“When I told my family and friends I am coming to Egypt, everyone said I should visit Cairo, Luxor, and Aswan. No one mentioned any other place which I should visit. When I used to inform people that I am looking for a green place to spend my vacation in Egypt, silence was the only response I received. Therefore, I decided to come and look myself,” an Italian tourist told the team of Egypt’s Invisible Map, while they were introducing him to eco-friendly tourism in Egypt.
Egypt’s Invisible Map is a graduation project of 12 students with specialisations in mass-communications. It encompasses a marketing section through which they aim to promote Egypt’s 16 eco-friendly places that few people know about.
Noteworthy, the graduation project aims to shed light on Egypt’s hidden treasures, which are usually forgotten when addressing tourists.
“We kept on digging in the advertising campaigns which target foreigners who are interested in coming and visiting Egypt. We found them to be very successful and unique, yet all of them evolve around the same points and ideas,” Aliaa El Ramlawy, a team member, told Daily News Egypt.
Throughout their research, the young team found that all the advertising campaigns promoting tourism evolve around the Pyramids, the Pharaohs legacy, as well as Luxor and Aswan. “Meanwhile, there are thousands of other activities tourists can enjoy in Egypt, yet they are not spoken about or highlighted,” El Ramwlawy added.
Egypt’s Invisible Map aims to highlight the 16 eco-friendly areas in Egypt, including the White Desert, Siwa Oasis, Dahab, Makadi Bay, Nuweiba, Marsa Allam, as well as Halayeb and Shalateen. The areas are accredited and listed at the UNICEF and the UNDP’s lists of eco-friendly tourism areas. Nonetheless, they are not publicised as places which do not harm the surrounding environment.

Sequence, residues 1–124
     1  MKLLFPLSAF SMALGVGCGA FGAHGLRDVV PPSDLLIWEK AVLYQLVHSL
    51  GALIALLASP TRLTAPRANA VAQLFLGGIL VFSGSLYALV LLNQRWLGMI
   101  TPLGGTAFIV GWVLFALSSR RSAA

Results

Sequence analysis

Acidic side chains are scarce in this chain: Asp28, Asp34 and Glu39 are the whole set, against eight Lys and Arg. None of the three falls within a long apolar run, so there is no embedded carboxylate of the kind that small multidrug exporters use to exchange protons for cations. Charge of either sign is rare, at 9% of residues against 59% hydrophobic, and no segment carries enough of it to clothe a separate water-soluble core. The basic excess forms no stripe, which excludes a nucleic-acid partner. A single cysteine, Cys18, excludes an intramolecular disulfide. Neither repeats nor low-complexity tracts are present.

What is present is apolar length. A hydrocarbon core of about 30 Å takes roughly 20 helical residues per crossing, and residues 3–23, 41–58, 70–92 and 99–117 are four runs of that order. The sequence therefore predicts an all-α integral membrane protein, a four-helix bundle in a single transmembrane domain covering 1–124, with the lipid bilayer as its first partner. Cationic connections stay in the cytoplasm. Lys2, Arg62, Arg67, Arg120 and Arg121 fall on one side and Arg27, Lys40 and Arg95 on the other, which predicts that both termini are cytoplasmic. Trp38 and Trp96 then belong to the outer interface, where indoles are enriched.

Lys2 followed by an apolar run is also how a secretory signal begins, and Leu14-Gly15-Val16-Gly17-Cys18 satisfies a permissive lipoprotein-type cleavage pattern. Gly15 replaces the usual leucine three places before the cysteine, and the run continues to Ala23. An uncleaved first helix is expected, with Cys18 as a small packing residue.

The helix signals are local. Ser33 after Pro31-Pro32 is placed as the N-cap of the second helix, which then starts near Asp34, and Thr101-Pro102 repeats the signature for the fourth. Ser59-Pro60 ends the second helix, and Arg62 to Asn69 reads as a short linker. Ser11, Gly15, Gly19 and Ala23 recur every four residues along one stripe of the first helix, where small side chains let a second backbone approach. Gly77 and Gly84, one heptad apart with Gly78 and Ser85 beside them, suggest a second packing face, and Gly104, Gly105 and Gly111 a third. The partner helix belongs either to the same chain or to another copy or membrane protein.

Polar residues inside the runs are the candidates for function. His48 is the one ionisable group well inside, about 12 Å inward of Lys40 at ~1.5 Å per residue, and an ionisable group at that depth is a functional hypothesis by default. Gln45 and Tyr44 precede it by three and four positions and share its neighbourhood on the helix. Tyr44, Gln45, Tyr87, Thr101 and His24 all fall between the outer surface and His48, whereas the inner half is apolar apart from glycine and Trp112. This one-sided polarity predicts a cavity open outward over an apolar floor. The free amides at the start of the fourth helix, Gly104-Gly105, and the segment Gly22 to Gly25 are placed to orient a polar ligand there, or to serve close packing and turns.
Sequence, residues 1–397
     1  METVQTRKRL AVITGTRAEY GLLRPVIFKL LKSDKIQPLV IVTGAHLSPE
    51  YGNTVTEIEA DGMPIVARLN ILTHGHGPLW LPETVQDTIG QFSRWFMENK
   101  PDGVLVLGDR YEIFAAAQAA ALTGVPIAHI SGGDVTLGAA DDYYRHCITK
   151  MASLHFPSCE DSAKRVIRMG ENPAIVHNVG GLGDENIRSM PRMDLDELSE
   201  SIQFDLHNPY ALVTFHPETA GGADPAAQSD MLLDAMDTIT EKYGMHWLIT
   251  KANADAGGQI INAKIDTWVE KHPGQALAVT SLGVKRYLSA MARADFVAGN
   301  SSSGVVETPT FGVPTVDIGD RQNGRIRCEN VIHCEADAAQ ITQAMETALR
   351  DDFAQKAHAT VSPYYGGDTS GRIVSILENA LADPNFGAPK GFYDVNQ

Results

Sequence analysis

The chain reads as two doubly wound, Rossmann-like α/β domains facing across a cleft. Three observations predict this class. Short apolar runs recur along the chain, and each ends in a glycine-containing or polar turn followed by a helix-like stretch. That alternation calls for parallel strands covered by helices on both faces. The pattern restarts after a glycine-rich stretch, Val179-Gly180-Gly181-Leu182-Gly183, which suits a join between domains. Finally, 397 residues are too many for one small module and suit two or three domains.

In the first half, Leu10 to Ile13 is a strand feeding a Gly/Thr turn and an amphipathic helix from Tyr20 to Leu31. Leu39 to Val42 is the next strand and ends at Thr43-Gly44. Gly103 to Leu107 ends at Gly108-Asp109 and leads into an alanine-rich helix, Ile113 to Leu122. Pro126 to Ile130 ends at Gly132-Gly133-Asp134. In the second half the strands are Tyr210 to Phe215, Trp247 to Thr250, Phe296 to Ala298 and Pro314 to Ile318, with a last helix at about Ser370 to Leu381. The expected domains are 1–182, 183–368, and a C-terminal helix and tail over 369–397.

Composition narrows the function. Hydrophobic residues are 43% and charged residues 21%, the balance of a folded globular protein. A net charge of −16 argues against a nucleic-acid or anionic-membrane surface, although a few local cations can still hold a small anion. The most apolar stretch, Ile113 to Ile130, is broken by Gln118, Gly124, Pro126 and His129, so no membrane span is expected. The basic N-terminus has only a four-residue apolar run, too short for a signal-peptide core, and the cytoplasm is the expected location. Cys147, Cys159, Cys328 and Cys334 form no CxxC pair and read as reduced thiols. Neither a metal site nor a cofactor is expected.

“Before we started our project, we did a research asking 200 foreigners who are interested in traveling what they know about Egypt and whether they are aware of having such places in the country. All of the foreigners were completely astonished of having such areas in Egypt,” she explained.
“What is so unique in here is that we have three eco-friendly places: the green, blue, and yellow; all are just waiting to be properly introduced to tourists,” she pointed out.
Through a set of ads, listed info, and publications, the project aims to inform tourists about the eco-friendly places in Egypt, the activities that can be done in it, how to reach there, and the required budget in order to enjoy the place the most.
Within few days from the start of the project, the team was showered with hundreds of messages from tourists stating that they have been looking for such a thing in Egypt, but failed to do so.
“This country is unbelievably beautiful, and it has magical combinations that are not elsewhere in the world, we just need to unwrap these hidden treasures,” El Ramlawy explained.
Among the things the team found while looking at the blue eco-friendly area over the Red Sea, is that Egypt has undersea living creatures that do not live elsewhere.
“Once we published that, several people sent us wondering how to get there and where to stay in order to see such creatures, and that was only few days after we started the project,” she stated.
Egypt’s Invisible Map’s team is looking up into expanding to more than just a graduation project, and take it into a higher level of creating a hub for all those who are interested into knowing all about the eco-friendly tourism in Egypt.